Microsoft's efforts to limit the damage from worms such as Blaster will not pay off for several years, according to security experts.
New Windows PCs will begin shipping with security switched on by default for the first time, with the release of Windows XP Service Pack 2 this summer, but it will take five or six years before such basic protections are common on the installed base of PCs, a Symantec executive claimed.
Such unprotected PCs are, increasingly, being used to spread worms such as Blaster and junk e-mail, usually without the PC owner's knowledge. A recent Symantec survey found that a system will, on average, receive a Blaster-generated packet of data within one second of connecting to the Internet.
"The threat will reduce slowly as we start to have security more widespread," said Nigel Beighton, Symantec's director of community defence.
"The industry has learned it has to ship technology with security switched on. But right now there are millions of Windows 98 users still out there, there is still a huge number of legacy PCs around, and it will take five or six years for that situation to change."
Last week, Microsoft revealed that the various flavours of Blaster worm have infected at least eight million PCs since it first appeared in August, based on data from its Windows Update. Security experts said the company is doing the right thing by making Windows PCs secure by default, but admitted such steps are only a beginning.
A major problem contributing to the spread of Blaster, Welchia and similar worms is that new PCs are still shipped with the flaws that allow them to spread, such as the Remote Procedure Call (RPC) flaw exploited by Blaster, analysts said.
"The Microsoft operating system ships unpatched," said Thomas Kristensen, chief technology officer of security firm Secunia. "If you go online with a broadband or dial-up connection to get the security updates, it's possible for Blaster to attack and infect your machine."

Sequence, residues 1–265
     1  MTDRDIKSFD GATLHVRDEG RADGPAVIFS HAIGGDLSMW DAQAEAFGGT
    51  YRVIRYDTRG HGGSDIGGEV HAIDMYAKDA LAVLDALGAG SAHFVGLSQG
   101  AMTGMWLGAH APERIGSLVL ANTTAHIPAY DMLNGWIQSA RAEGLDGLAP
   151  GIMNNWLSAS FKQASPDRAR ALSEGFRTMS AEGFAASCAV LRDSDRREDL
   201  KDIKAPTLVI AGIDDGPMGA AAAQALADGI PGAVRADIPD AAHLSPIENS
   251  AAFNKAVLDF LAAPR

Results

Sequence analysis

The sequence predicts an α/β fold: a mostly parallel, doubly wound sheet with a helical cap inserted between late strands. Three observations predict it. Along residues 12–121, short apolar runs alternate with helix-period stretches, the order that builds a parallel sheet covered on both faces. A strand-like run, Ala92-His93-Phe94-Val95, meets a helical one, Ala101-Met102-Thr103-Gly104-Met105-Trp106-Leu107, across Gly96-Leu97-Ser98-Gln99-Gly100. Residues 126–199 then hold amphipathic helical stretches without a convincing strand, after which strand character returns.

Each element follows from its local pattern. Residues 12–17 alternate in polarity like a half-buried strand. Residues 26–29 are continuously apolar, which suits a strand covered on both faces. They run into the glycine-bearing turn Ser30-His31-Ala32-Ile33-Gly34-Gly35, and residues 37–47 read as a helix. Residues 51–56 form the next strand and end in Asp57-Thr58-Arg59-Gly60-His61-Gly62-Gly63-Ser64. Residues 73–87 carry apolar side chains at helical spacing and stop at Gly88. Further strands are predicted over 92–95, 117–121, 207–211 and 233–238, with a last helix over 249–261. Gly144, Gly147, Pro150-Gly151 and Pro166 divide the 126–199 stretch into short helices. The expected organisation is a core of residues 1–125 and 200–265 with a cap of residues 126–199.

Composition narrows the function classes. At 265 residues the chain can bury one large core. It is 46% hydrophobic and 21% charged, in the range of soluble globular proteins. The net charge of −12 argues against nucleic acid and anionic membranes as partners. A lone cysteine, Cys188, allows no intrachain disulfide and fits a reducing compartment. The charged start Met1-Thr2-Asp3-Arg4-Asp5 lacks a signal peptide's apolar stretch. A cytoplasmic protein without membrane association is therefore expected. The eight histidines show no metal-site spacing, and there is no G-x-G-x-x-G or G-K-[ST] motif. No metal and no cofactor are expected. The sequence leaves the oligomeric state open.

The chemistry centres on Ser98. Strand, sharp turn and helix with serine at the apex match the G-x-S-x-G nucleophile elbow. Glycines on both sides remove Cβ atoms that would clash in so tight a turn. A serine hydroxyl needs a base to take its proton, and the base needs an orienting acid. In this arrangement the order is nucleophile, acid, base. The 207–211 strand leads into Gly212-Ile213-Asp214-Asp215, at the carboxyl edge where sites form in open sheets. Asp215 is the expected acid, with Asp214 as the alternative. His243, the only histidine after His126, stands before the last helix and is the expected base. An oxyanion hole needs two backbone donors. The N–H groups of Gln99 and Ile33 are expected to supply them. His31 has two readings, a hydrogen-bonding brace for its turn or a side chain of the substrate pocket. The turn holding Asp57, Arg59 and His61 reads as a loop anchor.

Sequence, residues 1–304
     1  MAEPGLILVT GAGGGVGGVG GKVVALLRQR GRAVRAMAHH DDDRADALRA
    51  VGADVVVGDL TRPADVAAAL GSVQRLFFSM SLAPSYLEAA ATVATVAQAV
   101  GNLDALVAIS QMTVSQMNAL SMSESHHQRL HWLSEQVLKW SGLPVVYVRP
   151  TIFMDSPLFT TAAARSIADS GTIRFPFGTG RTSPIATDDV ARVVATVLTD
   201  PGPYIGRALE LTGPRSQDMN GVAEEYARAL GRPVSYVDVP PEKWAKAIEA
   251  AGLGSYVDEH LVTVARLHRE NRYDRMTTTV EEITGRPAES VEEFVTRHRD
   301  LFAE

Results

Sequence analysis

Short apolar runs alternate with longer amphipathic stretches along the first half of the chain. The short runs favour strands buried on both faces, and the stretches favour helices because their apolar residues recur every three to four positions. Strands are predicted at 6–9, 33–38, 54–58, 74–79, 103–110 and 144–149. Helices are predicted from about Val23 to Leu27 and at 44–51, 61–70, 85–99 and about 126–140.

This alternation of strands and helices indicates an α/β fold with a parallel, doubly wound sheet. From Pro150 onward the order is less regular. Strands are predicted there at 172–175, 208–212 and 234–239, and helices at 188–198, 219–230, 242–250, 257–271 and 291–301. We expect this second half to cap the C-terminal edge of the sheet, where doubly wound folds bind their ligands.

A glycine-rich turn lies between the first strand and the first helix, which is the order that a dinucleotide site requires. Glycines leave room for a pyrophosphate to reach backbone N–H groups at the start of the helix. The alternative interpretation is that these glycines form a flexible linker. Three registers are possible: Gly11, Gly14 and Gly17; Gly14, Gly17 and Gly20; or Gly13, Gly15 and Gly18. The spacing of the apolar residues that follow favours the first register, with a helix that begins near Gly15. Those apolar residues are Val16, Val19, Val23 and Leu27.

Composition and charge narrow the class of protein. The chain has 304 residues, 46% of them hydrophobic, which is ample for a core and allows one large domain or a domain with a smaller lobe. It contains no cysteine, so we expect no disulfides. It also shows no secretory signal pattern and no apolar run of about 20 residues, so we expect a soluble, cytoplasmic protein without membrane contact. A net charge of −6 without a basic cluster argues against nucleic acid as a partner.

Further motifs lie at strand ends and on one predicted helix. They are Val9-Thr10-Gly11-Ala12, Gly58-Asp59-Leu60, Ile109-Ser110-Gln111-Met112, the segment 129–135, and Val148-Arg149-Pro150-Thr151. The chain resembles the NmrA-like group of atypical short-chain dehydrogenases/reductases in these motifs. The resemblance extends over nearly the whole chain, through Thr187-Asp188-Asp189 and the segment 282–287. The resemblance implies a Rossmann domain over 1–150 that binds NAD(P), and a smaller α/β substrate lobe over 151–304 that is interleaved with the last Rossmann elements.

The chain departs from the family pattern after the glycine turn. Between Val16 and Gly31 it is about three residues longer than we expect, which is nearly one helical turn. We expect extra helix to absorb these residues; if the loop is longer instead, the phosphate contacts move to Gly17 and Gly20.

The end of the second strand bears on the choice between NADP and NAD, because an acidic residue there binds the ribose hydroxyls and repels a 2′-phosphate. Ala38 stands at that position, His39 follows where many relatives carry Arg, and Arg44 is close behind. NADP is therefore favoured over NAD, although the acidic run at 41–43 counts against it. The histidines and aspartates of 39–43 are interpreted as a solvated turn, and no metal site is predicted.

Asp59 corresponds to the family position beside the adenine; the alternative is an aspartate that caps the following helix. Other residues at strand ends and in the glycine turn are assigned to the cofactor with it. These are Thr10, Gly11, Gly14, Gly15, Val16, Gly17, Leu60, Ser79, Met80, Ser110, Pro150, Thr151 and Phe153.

One solution would be for Microsoft or system manufacturers to add the security patches before selling a machine, but the decentralised, commodified nature of the PC industry would make this strategy difficult.
"Retailers could offer a secured PC with the updates installed, but consumers could always go and find a PC with a lower price where you have to upgrade it yourself," said Beighton. "In a commodity market, the consumer will always look for a bargain."
Rather than try to keep original equipment manufacturers up to date with security patches, Microsoft's move with SP2 will be to turn on security features such as Windows XP's built-in firewall, which will protect users from attacks such as RPC exploits.
This could have problems of its own, with some industry observers predicting it will lead to a huge upsurge in technical support calls; the firewall will block access to services that were previously available, such as game servers, unless it is reconfigured.
The move should make a difference, at least to buyers of new PCs. "Anybody who's bought an up-to-date machine in a year's time will be in a considerably better position than they are now," said Beighton, adding that the real problem are not the new PCs, but the millions of older machines still in use without protections or updates of any kind.
Even if these users are diligent, they will find it difficult to upgrade if they have a dial-up connection; Microsoft's service packs make the updates easier to download and install, but they only appear three to six months after a threat has materialised, Beighton said.
An alternative is Microsoft's patch CD program, allowing users to order a CD containing security updates for machines running Windows 98 and newer software. The CD is a one-off offering, and only contains patches up to October 2003, a Microsoft spokeswoman said.
Most users may not be that diligent. Symantec found that many worms continue to spread even after their built-in expiry date has passed, because the PC's clock has not been set properly. "That's how ill-administered they are," Beighton said.
Blaster and its ilk represent a major new trend that has emerged in hacking in the past three years or so, say security experts. Previously, attacks were carried out by individuals, but now the process has been almost entirely automated, with hackers sharing code that takes advantage of well-known exploits.
Seventy per cent of vulnerabilities in 2003 required no new exploit code, up from 60% in 2002, according to a Symantec threat report published last month. Blended attacks such as Blaster - which combine the characteristics of viruses, worms, Trojan horses and malicious code with vulnerabilities to spread an attack - are, increasingly, exploiting back doors left by previous worms.
This year, the Doomjuice and Deadhat blended attacks both made use of the back door left by MyDoom in January 2004, Symantec said.
Matthew Broersma writes for Techworld.com